The flute is a musical instrument associated with Lord Krishna therefore it is abundantly crafted in India. Bamboo flute also known as bansuri is derived from the words baans meaning bamboo, and sur meaning music note. By carefully assessing the air column in the flute, a wide range of musical notes can be played.

Kumbakonam in Thanjavur district flourishes in classical music. The craftsmen here are proficient in making as well as playing the flute. The bamboo for the flute is acquired from Nagercoil, Coimbatore, and Kutrakalam.

First, the bamboo is cut and with the help of a metal poker called the tholai podum kambi, holes are drilled into it. The metal poker is heated and the tip is used to burn holes in the bamboo at regular intervals. The marking is done using special scales and tools and with proper calculation and precision. The holes are gradually increased according to the musical notes. Sandpaper is used to polish the finished flute. The polishing is done according to the requirements of the clients. Lastly,  varnish is applied as a protective and finishing layer.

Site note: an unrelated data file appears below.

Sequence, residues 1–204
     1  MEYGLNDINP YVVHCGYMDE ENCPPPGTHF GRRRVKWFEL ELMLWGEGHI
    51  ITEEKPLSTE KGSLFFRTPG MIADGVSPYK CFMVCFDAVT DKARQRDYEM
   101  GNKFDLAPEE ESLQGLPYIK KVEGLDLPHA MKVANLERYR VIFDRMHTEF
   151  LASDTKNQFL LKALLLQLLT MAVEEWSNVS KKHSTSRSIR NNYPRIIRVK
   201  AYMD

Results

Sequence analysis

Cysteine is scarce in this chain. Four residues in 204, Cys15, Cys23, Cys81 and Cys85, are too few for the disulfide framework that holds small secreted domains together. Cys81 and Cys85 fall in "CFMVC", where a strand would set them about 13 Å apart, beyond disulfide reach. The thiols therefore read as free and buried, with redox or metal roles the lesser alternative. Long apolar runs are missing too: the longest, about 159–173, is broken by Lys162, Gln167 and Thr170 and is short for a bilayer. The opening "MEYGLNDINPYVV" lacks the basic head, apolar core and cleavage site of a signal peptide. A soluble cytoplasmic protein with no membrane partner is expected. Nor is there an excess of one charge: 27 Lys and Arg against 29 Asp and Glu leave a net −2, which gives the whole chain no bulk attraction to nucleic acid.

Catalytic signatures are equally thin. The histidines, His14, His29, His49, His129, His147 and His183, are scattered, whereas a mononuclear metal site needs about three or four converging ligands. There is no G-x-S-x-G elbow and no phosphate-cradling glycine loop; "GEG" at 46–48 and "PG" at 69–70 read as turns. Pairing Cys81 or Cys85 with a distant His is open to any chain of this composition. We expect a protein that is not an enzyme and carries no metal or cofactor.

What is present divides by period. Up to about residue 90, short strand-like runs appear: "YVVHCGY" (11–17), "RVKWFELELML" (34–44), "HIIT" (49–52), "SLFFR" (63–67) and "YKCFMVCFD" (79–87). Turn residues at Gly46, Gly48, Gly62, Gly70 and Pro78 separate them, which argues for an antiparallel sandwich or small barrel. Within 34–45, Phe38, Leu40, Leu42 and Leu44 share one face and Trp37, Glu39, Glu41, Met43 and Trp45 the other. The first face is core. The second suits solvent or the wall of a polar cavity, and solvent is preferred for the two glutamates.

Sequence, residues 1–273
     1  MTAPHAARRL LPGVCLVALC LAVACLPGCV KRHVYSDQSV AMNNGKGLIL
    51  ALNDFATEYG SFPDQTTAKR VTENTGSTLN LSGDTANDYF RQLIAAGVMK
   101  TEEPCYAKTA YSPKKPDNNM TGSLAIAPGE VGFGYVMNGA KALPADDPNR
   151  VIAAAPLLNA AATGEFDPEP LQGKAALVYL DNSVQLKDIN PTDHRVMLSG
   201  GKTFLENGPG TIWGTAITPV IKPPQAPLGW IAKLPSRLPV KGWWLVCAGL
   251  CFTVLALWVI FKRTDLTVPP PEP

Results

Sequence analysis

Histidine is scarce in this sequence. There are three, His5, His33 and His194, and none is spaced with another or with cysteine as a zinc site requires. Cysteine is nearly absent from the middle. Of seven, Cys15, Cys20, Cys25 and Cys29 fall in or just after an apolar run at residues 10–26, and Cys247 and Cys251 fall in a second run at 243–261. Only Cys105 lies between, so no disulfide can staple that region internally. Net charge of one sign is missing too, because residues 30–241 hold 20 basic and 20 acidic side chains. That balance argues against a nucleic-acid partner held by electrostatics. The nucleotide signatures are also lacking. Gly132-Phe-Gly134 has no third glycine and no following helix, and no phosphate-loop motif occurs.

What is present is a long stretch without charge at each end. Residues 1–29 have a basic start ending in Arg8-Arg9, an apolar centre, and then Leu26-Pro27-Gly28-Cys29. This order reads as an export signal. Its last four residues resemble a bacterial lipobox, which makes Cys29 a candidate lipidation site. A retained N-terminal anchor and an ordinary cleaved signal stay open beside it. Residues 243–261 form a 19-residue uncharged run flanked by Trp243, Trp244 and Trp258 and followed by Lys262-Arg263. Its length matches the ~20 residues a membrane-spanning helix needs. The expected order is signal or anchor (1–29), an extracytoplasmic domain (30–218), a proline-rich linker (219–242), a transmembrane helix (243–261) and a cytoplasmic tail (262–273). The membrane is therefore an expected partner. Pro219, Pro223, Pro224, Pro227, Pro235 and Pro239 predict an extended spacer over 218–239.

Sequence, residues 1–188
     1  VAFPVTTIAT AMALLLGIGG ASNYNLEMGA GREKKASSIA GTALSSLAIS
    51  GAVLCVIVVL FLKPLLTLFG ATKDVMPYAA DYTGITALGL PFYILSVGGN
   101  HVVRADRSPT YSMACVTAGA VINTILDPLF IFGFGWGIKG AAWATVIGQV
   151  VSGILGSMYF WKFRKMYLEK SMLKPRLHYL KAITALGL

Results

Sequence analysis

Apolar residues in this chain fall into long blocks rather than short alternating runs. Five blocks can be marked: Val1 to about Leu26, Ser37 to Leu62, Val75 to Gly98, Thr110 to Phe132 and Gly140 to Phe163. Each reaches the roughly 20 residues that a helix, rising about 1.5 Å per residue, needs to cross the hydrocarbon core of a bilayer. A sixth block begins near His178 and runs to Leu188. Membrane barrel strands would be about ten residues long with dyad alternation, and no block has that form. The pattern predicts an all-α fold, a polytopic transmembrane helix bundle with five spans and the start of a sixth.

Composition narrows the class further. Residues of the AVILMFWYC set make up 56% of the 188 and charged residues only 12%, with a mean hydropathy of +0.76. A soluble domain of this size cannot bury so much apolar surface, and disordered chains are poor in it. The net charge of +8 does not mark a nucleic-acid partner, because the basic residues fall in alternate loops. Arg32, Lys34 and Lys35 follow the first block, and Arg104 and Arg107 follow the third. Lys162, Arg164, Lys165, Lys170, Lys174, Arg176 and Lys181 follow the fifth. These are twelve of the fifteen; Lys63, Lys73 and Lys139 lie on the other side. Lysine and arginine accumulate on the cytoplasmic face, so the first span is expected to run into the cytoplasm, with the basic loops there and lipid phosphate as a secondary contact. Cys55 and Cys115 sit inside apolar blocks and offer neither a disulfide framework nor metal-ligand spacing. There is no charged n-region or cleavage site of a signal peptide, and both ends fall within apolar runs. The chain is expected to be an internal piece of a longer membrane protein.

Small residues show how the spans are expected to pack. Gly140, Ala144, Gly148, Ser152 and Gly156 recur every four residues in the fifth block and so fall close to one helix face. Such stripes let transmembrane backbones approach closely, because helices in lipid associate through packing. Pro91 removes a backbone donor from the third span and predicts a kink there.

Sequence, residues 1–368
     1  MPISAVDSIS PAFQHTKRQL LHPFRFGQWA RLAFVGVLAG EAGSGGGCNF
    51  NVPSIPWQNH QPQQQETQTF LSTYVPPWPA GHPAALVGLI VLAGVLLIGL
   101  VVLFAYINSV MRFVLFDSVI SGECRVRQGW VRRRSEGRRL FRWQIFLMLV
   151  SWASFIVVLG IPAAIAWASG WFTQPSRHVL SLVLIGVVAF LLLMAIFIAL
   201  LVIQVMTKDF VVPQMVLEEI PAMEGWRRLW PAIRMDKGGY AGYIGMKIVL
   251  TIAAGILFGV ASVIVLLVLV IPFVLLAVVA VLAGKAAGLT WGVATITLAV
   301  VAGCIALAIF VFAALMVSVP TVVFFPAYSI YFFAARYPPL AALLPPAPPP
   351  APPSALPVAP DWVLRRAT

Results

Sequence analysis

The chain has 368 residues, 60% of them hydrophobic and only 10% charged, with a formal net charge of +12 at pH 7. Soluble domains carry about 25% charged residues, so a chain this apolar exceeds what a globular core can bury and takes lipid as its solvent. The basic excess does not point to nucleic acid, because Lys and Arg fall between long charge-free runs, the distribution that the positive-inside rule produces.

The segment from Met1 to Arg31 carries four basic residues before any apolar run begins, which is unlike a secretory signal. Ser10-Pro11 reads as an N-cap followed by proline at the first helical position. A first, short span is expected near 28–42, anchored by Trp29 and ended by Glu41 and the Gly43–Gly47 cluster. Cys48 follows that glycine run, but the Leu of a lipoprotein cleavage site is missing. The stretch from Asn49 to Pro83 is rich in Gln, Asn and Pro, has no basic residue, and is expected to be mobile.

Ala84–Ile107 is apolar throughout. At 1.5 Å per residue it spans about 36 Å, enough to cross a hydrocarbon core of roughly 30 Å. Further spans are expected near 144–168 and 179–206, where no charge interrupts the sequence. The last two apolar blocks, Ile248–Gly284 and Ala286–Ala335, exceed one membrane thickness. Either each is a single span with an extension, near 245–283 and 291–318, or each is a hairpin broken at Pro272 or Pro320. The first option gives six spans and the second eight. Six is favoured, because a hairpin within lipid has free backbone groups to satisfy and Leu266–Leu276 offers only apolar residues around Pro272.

Muralis are Indian flutes of less than 12 inches in length, and shankha bansuris are of about 40 inches. The flutes of 20 inches are most common. Each flute is made for a specific pitch, also called a kattai in the local language. The pitches range from 1-7.

Bamboo is used by the artisans to craft flutes for both professional artists and children.




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